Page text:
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Publisher's Summary

Acclaimed historian Stephen Ambrose begins his examination with a glance inward - he starts this book with his brothers, his first and forever friends, and the shared experiences that join them for a lifetime, overcoming distance and misunderstandings.

He next tells of Dwight D. Eisenhower, who had a golden gift for friendship and who shared a perfect trust with his younger brother, Milton, in spite of their apparently unequal stations. With great emotion, Ambrose describes the relationships of the young soldiers of Easy Company who fought and died together from Normandy to Germany, and he recalls with admiration three unlikely friends who fought in different armies in that war. He recounts the friendships of Lewis and Clark and of Crazy Horse and He Dog. Ambrose remembers and celebrates the friends he has made and kept throughout his life.

Comrades concludes with the author's recollection of his own friendship with his father. "He was my first and always most important friend," Ambrose writes. "I didn't learn that until the end, when he taught me the most important thing, that the love of father-son-father-son is a continuum, just as love and friendship are expansive."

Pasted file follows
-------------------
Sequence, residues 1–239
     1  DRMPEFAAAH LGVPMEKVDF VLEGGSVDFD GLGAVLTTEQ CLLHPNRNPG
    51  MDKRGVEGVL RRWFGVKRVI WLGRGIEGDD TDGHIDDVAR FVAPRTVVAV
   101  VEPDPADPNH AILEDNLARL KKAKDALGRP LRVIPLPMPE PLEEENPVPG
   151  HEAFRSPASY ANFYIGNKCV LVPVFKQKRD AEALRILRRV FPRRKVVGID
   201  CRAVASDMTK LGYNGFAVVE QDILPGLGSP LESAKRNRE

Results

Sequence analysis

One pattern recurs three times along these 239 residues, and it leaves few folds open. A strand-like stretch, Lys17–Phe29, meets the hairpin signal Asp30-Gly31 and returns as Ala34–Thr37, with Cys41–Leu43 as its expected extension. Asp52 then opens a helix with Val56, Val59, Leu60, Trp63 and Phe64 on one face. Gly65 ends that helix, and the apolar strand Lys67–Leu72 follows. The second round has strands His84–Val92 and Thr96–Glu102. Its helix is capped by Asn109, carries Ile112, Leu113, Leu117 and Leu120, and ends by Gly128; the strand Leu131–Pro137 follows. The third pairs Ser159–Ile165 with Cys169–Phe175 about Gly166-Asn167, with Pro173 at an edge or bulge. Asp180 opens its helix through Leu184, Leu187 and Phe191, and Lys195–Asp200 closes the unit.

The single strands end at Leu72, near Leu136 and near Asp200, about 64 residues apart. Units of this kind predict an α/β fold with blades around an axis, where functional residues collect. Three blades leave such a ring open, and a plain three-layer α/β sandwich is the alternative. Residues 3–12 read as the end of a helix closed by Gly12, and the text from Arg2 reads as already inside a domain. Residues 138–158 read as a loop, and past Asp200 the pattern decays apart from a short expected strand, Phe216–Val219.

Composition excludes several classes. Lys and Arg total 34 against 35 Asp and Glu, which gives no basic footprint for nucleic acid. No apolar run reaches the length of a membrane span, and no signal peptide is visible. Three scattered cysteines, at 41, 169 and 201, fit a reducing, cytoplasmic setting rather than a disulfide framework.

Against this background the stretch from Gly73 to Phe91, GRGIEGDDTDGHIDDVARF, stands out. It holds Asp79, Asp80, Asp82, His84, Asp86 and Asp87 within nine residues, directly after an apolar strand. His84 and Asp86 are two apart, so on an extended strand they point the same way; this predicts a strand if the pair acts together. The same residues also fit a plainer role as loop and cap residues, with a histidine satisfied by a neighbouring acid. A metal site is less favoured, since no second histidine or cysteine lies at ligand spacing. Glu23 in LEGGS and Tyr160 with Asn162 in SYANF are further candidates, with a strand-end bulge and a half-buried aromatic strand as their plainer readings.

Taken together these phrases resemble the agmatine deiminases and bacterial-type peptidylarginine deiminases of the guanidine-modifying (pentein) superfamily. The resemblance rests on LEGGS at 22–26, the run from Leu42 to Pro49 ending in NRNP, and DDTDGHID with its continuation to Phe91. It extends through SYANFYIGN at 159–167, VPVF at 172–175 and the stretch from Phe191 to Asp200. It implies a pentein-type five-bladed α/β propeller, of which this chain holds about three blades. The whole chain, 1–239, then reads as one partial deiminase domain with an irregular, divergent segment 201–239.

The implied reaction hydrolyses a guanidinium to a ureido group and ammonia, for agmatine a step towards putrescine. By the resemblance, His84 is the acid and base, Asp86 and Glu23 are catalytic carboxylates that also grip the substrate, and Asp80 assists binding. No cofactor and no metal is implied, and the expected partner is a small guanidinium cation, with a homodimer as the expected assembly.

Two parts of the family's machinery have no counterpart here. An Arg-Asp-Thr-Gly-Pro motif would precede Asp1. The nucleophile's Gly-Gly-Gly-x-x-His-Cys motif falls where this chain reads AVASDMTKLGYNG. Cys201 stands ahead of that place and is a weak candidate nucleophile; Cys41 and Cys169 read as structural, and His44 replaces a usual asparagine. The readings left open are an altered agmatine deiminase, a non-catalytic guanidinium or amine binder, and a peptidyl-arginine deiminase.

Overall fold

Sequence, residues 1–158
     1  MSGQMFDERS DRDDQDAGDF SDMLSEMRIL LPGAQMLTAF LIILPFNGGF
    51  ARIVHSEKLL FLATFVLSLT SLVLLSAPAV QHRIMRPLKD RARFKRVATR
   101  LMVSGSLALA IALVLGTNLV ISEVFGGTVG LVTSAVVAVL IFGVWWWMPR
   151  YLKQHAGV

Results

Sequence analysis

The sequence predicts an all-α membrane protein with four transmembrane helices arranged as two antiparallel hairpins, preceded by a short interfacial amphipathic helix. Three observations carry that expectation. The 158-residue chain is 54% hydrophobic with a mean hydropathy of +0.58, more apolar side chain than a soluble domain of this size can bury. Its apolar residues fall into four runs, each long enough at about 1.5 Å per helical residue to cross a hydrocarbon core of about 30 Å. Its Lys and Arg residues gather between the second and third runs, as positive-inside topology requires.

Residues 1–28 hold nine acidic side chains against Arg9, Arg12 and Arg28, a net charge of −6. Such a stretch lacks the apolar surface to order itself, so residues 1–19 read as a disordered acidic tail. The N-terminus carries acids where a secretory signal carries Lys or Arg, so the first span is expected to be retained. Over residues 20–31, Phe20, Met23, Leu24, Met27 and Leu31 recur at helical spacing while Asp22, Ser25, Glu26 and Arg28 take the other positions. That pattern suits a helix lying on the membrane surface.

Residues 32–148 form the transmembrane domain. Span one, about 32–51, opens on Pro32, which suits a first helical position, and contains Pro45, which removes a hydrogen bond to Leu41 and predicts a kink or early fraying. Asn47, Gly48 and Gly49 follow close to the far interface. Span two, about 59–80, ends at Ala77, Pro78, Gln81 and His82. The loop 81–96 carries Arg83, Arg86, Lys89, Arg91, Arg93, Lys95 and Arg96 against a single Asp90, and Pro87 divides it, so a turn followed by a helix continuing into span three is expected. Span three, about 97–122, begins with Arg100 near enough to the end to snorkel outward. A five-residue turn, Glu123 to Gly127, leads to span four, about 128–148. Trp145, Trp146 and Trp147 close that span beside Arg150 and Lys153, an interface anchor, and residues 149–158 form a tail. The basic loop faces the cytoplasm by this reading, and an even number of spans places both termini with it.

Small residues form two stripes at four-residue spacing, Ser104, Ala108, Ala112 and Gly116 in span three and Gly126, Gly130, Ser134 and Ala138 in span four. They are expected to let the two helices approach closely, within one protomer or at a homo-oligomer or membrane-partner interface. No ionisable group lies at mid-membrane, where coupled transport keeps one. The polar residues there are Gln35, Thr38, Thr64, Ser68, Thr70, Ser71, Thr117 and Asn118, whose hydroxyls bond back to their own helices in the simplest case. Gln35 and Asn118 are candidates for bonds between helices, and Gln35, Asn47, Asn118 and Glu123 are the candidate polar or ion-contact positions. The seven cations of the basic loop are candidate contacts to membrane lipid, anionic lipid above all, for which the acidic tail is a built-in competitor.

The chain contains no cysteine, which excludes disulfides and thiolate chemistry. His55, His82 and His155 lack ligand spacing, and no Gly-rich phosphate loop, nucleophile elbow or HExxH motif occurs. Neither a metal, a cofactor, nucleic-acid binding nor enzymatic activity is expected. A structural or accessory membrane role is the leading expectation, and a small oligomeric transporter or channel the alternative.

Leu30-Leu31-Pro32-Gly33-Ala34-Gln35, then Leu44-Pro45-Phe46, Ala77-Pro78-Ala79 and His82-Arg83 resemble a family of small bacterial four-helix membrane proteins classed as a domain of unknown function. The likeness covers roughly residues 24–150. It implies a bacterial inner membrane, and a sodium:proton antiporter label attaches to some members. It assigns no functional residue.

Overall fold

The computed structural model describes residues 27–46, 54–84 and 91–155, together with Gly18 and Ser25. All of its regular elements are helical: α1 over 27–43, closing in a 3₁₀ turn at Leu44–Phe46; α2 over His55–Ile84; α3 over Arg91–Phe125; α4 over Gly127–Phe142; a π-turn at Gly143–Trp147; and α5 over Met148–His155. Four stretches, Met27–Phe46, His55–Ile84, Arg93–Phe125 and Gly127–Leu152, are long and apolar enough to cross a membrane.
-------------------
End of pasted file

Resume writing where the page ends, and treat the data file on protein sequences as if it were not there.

©1999 Stephen E. Ambrose (P)2004 Simon & Schuster

What members say

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  • Overall
    5 out of 5 stars
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It's great to hear it in Ambrose's own voice

I love this book. I bought it for my dad. When I found it in audio, I had to buy it again.

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Not compelling

Unrelated, somewhat meandering accounts of Ambrose's own friendships. Apparently, male friendship is highly dependent on heavy drinking and toughness. Nothing really new in the idea of defining friendship. I believe Solomon defined it centuries ago: "A friend loves at all times, and a brother is born for adversity." (Proverbs 17:17); "A man of many companions may come to ruin, but there is a friend who sticks closer than a brother." (Proverbs 18:24); "He who loves purity of heart, and whose speech is gracious, will have the king as his friend." (Proverbs 22:11)